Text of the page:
In s story via the Associated Press wire in the early hours of this morning (Tuesday 13 April 2010) British Summer Time the surprise announcement came that Stan Kroenke will not be selling his forty percent majority stake in the St Louis Rams of the National Football League (NFL), the USA’s premier professional gridiron football organisation.
The terms of Kroenke’s partnership agreement with the Frontiere family, owners of the sixty percent majority stake, allow him to match any offer for their holding in the club in the event of a sale. It appears that he’s exercising that option, which will cost him around US$450 million (about £310 million).   The Rams moved from Los Angeles to St Louis in 1994 (the franchise started life as the Cleveland Rams in 1936 before de-camping to Los Angeles in 1945) to replace the St Louis Cardinals which in turn had moved from St Louis to Phoenix to become the Arizona Cardinals in 1987, having moved to St Louis in 1960 from Chicago  where it had been a founder member of the NFL in 1920. Such is the geographical game of “team in motion” that occasionally inflicts professional sports franchises in the USA. Alien to us in Europe but fairly regular if infrequent occurence over there.
Given that NFL regulations won’t allow him to secure anything like that amount of debt on the Rams, never mind load the debt onto the team’s balance sheet, he’s got himself access to a VERY large sum of cash from somewhere. Yet he’s been paying for the Arsenal shares he’s bought from Danny Fiszman, Richard and Clive Carr and Lady Sarah Phipps-Bagge (nee Carr) on the drip. Given that he’s paid out somewhere in the region of £200 million buying his 29.9% stake in Arsenal and his fifty percent stake in the joint venture subsidiary Arsenal Broadband Ltd (which controls the club’s media and broadband rights that aren’t tied up in collective deals via the Premier League, FA, Football League and UEFA), he’s putting a severe strain on whatever source of capital he’s employing.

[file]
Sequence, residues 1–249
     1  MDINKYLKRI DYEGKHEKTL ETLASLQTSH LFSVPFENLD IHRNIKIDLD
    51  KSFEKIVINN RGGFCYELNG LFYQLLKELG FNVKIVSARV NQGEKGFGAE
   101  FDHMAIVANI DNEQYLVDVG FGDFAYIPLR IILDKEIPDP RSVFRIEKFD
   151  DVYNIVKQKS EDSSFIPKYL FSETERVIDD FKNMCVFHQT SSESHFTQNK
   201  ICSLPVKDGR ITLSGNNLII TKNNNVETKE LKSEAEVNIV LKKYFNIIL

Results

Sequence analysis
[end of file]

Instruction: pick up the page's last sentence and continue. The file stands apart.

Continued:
It’s very unusual for any rich entrepreneur to keep huge amounts of ready cash on hand. He’s most likely either selling or borrowing against other assets to raise these sums. His ability to borrow against his US sporting and entertainment interests is impaired by the strict rules on debt ratios and service maintained by the NFL, National Basketball Association and National Hockey League. He could be borrowing against or selling some of his commercial retail property assets (his other main business via his companies THF Realty and the Kroenke Group, besides his sports teams, owned via Kroenke Sports Enterprises) or from his wife Ann who is part of the Walton family and this an heiress to the Wal-Mart pile ‘em high, sell ‘em cheap supermarket empire. All that is speculation however. What isn’t in doubt is that he’s in a position where he needs to raise over £300 million in cash to buy the majority of the Rams, and raise that sum quickly if he’s to complete on his intention to buy the sixty percent majority stake in the Rams as he’s announced.